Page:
Examples/Test Cases: Our provided test cases show that we should have a capitalized letter only at the beginning of each word. We need to lower case the rest. The provided test cases also show that we aren’t being thrown any curve balls in terms of weird compound words separated by symbols instead of whitespace. That’s good news for us!

Data Structure: We will not transform our string into an array while using regular expressions. JavaScript has a nifty method `.replace()` that allows us to target pretty much anything we want in a string and replace it with something else. We use regular expressions to target what we want to replace.

There are so many symbols used in regular expressions that I can’t hope to give a broad overview of them here. I can point you towards this cheatsheet, though, which I use whenever I have to employ regex.

What I can do is tell you that regex with `.replace()` in JavaScript follows a basic pattern. `.replace()` takes two arguments: a pattern (usually a regular expression) and a replacement (could be a string or a function).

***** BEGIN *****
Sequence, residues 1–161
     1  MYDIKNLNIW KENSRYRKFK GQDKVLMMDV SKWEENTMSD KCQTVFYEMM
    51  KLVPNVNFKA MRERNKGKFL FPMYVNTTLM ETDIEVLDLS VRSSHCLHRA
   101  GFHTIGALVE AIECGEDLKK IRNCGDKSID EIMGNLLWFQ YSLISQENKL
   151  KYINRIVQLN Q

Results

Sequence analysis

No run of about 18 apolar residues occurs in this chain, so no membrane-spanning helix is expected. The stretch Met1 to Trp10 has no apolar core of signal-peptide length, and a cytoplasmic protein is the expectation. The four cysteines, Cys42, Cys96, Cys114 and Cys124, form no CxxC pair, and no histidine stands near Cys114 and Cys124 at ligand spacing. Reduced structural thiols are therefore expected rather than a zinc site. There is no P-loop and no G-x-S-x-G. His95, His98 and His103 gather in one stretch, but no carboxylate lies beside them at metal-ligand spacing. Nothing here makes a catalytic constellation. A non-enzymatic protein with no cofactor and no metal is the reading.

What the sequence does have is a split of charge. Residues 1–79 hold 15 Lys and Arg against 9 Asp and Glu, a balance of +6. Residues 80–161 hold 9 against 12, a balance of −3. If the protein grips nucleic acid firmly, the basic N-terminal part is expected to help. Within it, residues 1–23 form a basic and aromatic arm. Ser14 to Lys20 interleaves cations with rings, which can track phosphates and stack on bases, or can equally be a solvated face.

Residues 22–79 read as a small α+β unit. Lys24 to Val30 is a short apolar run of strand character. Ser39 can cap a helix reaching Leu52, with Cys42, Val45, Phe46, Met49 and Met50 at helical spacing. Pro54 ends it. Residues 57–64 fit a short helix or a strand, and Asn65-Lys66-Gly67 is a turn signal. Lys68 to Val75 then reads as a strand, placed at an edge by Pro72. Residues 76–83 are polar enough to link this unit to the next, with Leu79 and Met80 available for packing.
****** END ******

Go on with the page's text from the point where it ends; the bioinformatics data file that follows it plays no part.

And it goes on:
``string.replace(regex, function)``

In our solution, we’ll be replacing the letter at the beginning of each word. How do we get regex to do this for us? We tell `.replace()` to match any character following a whitespace or matching the first character of the whole string (because the very first word of the string does not have a whitespace before it).

Let’s break down the regex part of our solution. To do that, let’s look at the first argument of the `.replace()` function. This is the regex code that determines what pattern we are looking to match and replace.

``// full solution:``
``function titleCase(str) {  return str.toLowerCase().replace(/(^|\s)\S/g,  (firstLetter) => firstLetter.toUpperCase());}``

We ultimately want to find all non-whitespace characters, which is represented by `\S`.

Then we want to specify that we want to match those non-whitespace characters at the beginning of a string `^` or `|` after any whitespace character `\s`.

We add the global modifier `g` to search for and replace all such patterns in the entire string.

Algorithm:

1. Turn all the letters in `str` to lower case letters.
2. Replace the first letter of each word in the string with the capitalized letter.
3. Return the title cased string.

Code: See below!

If you have other solutions and/or suggestions, please share in the comments!